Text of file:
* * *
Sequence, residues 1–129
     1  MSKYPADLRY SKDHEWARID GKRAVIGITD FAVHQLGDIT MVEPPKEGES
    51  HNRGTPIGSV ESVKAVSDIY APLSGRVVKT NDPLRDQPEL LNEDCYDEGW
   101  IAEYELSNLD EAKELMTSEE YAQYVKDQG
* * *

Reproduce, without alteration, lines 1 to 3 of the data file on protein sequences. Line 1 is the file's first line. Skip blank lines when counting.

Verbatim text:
Sequence, residues 1–129
     1  MSKYPADLRY SKDHEWARID GKRAVIGITD FAVHQLGDIT MVEPPKEGES
    51  HNRGTPIGSV ESVKAVSDIY APLSGRVVKT NDPLRDQPEL LNEDCYDEGW